You play as the owner of a museum who has just received the body and artifacts of legendary pirate Captain Remington. However once you adorn the corpse with it's belongings it comes to life and kidnaps your teenage daughter. Sneaking aboard it's pirate ship ( with the living dead acting as crew members) you end up at his old fortress; Skull Island. Here you must seek out the golden doubloons that will return the undead pirate back to his mortal form so that you can rescue your daughter.
Originally hidden puzzle games were just that; screens upon screens of hunt the objects with a story loosely fitted around it. The genre evolved though and nowadays the hidden puzzle sections are only a small part of the overall whole, the rest of the game being based around fun, though shallow more traditional ones. The problem with these games is often what you are being asked to find is not really obvious, a lot of objects are geared towards American versions of objects, in the case of The Cursed Heart there were a few times when the actual object names seemed to have spelling errors. Hidden puzzle scenes here are never too bloated and so are always easy to do with mostly large items to find (a penguin, an African mask, and a gold bar as examples). If you find it too hard there is a weird Mahjong game you can play as an alternative. You get a generously sized circle you use to find the objects, I found on a fair few times the game wouldn't recognise what I was trying to highlight and so I got unfairly penalised with a missed guess.
So the other half of the game is exploring the various locations and solving puzzles. These range from arranging wooden blocks to form a picture, following instructions to make a potion, to working out how to open doors and secret passages to get deeper into the game. There are four main areas in The Cursed Heart. The museum is the prologue level that teaches you the controls, then there is the pirate ship, Skull Island, and an extra chapter after the main game is done with. While this is horror and features plenty of zombies and skeletons this is in no way scary at all. This is designed to appeal to all ages and so you have an antagonist with noble motivations who maybe isn't as bad as he at first seems, his crew on the other hand are played more for comedic effect, they are completely nonthreatening to you. The characters mostly reminded me of Monkey Island, there is even one part where a seagull steals an essential item you needed which I swear was a direct homage to a puzzle in Le Chuck's Revenge: Monkey Island 2. If you ever get stuck a quick tap of up on the D-pad will show you where to go next, so it is impossible to get stuck for too long.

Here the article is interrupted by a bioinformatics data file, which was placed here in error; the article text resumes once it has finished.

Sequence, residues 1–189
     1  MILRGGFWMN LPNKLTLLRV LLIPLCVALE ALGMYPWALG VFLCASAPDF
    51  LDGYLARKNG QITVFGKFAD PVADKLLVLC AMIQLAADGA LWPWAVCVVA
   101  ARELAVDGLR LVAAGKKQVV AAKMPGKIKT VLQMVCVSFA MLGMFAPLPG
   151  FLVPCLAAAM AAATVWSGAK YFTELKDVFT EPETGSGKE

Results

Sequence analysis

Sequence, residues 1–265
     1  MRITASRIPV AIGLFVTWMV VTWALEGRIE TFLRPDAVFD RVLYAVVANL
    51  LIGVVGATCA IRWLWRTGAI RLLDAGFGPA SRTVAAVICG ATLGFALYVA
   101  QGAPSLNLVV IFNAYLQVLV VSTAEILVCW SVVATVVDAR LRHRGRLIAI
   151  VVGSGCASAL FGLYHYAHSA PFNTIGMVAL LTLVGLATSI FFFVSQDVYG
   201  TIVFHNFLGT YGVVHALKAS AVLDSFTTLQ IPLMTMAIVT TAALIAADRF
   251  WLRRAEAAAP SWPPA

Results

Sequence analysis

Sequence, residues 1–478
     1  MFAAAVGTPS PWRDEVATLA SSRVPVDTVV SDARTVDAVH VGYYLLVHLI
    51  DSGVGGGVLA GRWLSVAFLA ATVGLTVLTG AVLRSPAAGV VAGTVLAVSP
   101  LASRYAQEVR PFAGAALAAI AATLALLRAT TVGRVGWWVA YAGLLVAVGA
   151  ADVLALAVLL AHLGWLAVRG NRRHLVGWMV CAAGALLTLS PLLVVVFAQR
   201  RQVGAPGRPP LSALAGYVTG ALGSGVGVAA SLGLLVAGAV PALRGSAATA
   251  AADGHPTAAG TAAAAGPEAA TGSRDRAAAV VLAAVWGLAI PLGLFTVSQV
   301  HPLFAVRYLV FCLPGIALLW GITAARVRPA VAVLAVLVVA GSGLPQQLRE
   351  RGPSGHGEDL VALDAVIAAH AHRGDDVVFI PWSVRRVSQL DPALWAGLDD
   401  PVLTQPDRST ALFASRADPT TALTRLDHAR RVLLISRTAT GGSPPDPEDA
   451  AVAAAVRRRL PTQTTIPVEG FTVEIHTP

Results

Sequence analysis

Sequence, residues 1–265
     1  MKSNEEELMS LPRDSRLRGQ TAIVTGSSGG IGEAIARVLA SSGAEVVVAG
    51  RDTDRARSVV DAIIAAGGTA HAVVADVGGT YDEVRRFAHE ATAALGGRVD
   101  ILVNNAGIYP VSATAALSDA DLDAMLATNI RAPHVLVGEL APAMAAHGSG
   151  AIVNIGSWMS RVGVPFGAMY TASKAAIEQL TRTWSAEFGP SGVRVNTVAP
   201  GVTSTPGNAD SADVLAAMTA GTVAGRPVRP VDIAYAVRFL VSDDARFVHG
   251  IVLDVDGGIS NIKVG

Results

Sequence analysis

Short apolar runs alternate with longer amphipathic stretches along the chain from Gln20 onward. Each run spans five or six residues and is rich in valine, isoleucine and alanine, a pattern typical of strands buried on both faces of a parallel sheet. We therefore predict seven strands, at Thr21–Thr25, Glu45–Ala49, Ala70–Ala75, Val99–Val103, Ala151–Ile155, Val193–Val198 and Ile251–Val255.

The plot itself isn't that exciting, it plays out through diary entries, and by talking to characters. Budget constraints are never too hard to see, such as characters mouths not attempting to sync up with what is being said, and static background images (that at one point reveals the solution to a puzzle by already showing as solved). It all looks nice enough, it's a port of a five year old game so no way is it going to impress you, but it is functional. The extra chapter after the credits is probably where I had the most fun. This extra one featured a more unsettling story and was set in a tightly designed location.
The Cursed Heart is never going to appeal to everyone, personally I only brought it due to it being on sale for a dirt cheap price. There is plenty of game for the low price, while it is satisfying to solve the simple puzzles, you need to keep in mind as a game it is very basic and with not much replay value.